Probably not the news Ms Eubank or Ms Benn wanted to hear on ITV. Toney had the skills and the strong chin to back up his flamethrower mouth, but stayed in boxing too long and even had a brief misguided foray into the UFC, before finally quitting the fighting game in 2017.

The boxers who loved being Mike Tyson's villain and his outbursts at Floyd Mayweather reminding you how rich he was and Chris Eubank introducing himself as 'Simply the best'
‘Lights Out’ had the ability to back up its trashy talk that shook many people
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3. Antonio Margarito

The ‘loaded gloves’ incident before his fight with Shane Mosley – when Mosley’s trainer spotted a suspicious substance on Margarito’s hand wraps – ruined the Mexican American’s reputation. Fight fans immediately became suspicious of previous victories, especially Margarito’s shock victory when he collapsed and stopped Miguel Cotto.

Cotto’s 2011 revenge against Margarito was one of boxing’s most popular triumphs. But Margarito had precedent before that, when a video was posted of him appearing to mock Manny Pacquiao’s trainer Freddie Roach, who has Parkinson’s disease. Stay classy, ​​Antonio.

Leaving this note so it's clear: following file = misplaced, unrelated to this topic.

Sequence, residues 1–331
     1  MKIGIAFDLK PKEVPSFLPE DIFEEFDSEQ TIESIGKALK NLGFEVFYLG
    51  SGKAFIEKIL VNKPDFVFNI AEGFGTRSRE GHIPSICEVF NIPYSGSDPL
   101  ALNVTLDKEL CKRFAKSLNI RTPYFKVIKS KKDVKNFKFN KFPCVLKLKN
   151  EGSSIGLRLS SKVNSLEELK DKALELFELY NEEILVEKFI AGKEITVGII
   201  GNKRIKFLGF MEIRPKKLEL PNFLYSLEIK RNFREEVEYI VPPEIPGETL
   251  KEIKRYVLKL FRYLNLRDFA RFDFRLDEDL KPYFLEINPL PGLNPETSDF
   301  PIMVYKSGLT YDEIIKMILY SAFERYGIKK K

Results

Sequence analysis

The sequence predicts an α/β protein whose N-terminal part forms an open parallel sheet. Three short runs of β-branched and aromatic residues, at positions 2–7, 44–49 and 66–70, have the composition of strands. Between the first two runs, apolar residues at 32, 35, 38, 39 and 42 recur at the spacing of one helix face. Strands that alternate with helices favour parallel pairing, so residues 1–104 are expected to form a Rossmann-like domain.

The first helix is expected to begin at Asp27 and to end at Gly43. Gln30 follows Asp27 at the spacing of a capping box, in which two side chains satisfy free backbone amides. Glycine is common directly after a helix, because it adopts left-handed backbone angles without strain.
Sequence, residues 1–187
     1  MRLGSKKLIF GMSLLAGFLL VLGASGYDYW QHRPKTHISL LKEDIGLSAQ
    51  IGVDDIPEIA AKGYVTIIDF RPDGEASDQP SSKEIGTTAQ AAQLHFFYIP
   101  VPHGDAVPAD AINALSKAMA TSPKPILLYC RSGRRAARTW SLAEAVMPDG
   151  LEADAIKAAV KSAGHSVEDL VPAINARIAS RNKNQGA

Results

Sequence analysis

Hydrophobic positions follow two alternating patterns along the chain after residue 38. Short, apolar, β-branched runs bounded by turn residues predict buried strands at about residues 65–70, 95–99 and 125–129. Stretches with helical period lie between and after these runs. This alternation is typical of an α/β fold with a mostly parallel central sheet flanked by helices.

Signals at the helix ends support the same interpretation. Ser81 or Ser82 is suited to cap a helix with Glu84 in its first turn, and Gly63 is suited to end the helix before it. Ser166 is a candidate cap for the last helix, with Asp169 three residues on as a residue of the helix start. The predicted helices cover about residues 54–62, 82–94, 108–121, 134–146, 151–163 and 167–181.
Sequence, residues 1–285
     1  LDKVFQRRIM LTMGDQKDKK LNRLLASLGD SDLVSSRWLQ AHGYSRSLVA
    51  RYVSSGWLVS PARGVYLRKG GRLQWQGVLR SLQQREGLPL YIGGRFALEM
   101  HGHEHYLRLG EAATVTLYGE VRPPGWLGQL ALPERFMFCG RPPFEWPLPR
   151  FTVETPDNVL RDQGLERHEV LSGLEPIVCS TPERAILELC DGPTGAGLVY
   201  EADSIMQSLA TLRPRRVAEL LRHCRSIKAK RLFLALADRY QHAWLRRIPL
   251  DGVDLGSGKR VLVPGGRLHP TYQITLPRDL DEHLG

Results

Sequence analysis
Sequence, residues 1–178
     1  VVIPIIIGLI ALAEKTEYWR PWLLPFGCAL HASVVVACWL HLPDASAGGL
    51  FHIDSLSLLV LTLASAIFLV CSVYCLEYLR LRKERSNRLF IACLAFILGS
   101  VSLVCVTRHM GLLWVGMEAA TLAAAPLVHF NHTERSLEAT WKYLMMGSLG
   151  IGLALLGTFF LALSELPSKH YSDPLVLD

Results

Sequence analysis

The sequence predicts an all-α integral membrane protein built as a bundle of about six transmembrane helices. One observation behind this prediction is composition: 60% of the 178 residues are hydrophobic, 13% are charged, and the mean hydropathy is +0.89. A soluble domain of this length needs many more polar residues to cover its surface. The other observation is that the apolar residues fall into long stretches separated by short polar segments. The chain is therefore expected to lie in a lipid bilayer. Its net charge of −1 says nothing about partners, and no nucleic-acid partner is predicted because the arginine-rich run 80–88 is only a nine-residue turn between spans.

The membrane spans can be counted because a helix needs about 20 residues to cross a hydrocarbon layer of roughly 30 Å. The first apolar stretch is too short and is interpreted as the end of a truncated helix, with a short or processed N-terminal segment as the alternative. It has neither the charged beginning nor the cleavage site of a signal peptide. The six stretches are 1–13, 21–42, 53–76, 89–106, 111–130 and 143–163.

2.Floyd Mayweather

No boxer has made a more deliberate and calculated decision to go wrong. Mayweather was originally marketed as the smiling, all-American ‘Pretty Boy’ – before becoming a full-fledged antagonist for his 2007 fight with Oscar De La Hoya. No clues as to which character was the most profitable – and Mayweather was a natural in his villainous role.

The boxers who loved being Mike Tyson's villain and his outbursts at Floyd Mayweather reminding you how rich he was and Chris Eubank introducing himself as 'Simply the best'